Tuesday , September 27 2022

CORRECTIVE GLOBAL MARKETS – Stocks hold gains, dollar weaker after Democrats win American house


(Corrects the quotation from paragraph 6 to read "tax cuts" and not "haunts")

* Going high, but keep winning as the Dems get the House

* Output results in line with market expectations

* Trade concerns are likely to remain despite the democrats' victory

Bi Hideiuki Sano

TKIO, November 7 (Reuters) – Valuable stock exchanges in Asia and Asia held earlier earnings Wednesday after Democrats won control of the US House, increasing the party's ability to block the political and economic agenda of President Donald Trump.

The victory of the Democratic House creates a clear obstacle for the Republicans to easily adopt legislation through both houses of the Congress, blurring prospects for some of Trump's main economic proposals.

In Asian trade, the main broadcasters projected that the Democrats would run out of control over the houses, while the Republicans would see the retention of the Senate.

Although both results are largely in line with market expectations, the market for reasons has not been sold, the prospects of political interference create uncertainty for investors. The dollar has weakened against most of its major counterparts.

In stock markets, the US S & P500 futures grew 0.3 percent, MSCI's broadest index of Asia-Pacific shares outside Japan rose by 0.3 percent, and Japan's Nikkei achieved 1.2 percent.

"For the Republicans, it has become increasingly difficult to pass additional tax relief or changes to the Dodd-Frank regulations (on financial institutions)," said Tomoaki Shishido, a fixed income analyst at Nomura Securities.

The attitude of the investor was unstable in the Asian trade in shares, and the dollar was heading towards the changing outlook of the Republicans to keep the House.

Although the divided Congress would put a brake on the Trumpet agenda, such as tax cuts or deregulation, some investors believe that the Democrats might agree to more expenses.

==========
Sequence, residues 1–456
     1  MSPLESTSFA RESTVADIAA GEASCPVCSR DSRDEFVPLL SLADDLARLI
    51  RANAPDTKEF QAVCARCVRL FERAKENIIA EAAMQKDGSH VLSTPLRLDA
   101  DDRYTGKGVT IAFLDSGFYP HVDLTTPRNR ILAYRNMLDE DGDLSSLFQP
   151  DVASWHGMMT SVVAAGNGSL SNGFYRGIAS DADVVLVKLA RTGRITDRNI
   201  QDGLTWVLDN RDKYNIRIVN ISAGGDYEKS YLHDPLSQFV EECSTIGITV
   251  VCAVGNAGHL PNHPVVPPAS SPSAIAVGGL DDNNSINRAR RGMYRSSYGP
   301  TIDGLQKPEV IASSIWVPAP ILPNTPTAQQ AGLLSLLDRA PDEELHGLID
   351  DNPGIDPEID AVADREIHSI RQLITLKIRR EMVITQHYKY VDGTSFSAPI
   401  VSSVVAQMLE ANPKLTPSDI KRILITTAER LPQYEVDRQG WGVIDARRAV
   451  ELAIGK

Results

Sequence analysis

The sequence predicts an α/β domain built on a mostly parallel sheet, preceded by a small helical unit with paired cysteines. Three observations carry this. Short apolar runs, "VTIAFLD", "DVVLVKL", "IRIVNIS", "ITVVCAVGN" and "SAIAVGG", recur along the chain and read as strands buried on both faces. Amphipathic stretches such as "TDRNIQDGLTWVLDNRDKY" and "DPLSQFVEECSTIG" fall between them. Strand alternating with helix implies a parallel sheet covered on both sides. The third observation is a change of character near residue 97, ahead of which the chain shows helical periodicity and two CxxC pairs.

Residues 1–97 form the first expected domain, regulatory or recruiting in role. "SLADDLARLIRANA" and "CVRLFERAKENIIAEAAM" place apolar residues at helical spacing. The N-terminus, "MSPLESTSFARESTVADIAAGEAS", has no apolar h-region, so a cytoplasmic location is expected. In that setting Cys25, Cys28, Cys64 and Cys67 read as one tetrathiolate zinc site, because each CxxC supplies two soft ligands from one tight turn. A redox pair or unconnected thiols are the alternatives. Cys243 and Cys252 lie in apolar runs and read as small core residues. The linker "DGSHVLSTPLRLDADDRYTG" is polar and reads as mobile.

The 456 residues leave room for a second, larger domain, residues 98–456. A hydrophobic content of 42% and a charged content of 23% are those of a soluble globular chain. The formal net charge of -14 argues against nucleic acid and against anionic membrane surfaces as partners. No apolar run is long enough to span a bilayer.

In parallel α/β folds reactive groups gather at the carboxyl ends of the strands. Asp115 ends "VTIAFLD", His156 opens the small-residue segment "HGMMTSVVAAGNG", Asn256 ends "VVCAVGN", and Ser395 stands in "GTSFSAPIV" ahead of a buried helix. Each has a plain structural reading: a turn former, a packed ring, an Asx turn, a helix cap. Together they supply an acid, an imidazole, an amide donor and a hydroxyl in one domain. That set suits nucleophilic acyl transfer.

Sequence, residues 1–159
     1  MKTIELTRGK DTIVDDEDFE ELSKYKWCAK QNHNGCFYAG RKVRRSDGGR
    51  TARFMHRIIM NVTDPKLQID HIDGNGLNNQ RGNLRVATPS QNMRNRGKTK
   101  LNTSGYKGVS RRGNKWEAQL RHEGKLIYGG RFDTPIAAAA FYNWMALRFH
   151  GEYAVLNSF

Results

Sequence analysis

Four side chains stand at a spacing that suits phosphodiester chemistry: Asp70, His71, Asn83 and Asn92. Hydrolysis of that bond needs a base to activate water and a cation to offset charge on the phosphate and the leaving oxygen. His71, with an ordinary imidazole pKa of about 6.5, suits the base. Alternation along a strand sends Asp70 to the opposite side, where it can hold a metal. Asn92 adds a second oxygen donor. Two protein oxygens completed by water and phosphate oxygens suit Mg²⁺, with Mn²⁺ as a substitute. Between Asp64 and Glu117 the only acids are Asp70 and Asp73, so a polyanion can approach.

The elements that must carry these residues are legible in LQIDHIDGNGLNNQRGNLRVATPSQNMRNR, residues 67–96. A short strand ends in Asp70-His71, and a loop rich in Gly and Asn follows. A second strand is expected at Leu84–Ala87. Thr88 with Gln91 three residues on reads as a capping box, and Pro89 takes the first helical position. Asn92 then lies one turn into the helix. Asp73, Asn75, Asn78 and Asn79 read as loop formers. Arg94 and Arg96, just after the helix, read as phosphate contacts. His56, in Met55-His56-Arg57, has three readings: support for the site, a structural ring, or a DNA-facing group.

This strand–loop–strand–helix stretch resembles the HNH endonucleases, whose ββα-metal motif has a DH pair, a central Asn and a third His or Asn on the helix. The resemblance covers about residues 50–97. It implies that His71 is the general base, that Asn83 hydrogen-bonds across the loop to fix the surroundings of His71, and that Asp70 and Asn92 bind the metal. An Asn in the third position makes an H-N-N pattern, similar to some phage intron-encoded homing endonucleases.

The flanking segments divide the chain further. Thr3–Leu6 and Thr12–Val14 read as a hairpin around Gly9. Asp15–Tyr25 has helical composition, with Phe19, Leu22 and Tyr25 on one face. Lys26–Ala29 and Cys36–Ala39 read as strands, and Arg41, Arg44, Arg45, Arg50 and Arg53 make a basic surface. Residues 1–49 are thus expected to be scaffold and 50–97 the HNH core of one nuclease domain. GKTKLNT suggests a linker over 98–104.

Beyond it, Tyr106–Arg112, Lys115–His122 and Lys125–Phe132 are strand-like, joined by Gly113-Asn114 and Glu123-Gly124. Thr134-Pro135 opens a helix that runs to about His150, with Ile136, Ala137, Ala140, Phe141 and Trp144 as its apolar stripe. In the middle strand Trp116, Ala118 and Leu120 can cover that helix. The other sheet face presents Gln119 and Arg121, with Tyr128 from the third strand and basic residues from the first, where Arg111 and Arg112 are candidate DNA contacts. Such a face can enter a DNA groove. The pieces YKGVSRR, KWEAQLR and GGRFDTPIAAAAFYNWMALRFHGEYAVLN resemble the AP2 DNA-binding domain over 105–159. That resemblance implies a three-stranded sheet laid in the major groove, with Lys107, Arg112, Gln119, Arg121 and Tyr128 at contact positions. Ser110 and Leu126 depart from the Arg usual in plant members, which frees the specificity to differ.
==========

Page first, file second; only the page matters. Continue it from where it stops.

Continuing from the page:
"There is still a compromise to spend, and even with a divided government, I expect more fiscal incentives in the future." There is also a possibility of compromising the spending of infrastructure, "said Steve Friedman, senior economist at BNP Paribas Asset Management in New York.

"If there is an additional fiscal incentive, this suggests that fiscal policy is higher for growth in US growth and that all equals should support action."

On the other hand, many investors also expect Trump to continue to boast of tariffs, which he can impose without the approval of the Congress. It remains in the care of the trade war between China and the United States.

The huge tax rebate in Trump, adopted in December, and a spending agreement that was reached in February helped boost the US economy, but also widened the federal budget deficit in the United States.

As a result, Treasury supplies are rising, increasing yields of US bonds.

The election results impacted the ten-year US market yield of about 2 basis points to 3.193 percent, with seven years high of 3.261 percent touched a month ago. But the debt market also remains under pressure from this year's record number of long-term sovereign debt bids.

Oil prices were soft after a drop of two percent the previous day, while US crude prospects fell to eight months after Washington sanctioned sanctions against top Iranian oil buyers and Iran said it could sell so much oil so far.

Oil for Western Texas Intermediate (VTI) traded 0.5 percent lower to $ 61.91 a barrel, down from $ 61.31 a barrel Tuesday, the lowest since March 16.

In the currency market, the dollar fell to the results of the US election. Compared to yen, it was 0.2 percent lower at 113.23, which diverted earlier earnings to a one-week maximum of 113.82 yen.

The euro rose 0.3 percent to $ 1.1467, while the British pound rose 0.3 percent to $ 1.3140, falling three weeks.

Last year's Sterling gain has grown in the hope that Brekit will agree on the breakthrough after Brekit Secretary Dominik Raab said "Thumbs Up" at the exit of the government meeting.

This helped the banned increase in losses after the objections of a senior member of the North-Irish Party of the Democratic Union of Unity earlier when it seemed that Britain would have left the EU without agreement. (Report by Hideyuki Sano in Tokyo, additional reports by Daniel Leussink in Tokyo and Daniel Bases in New York, Editing by Sam Holmes)

Our standards:Thomson Reuters Trust Principles.
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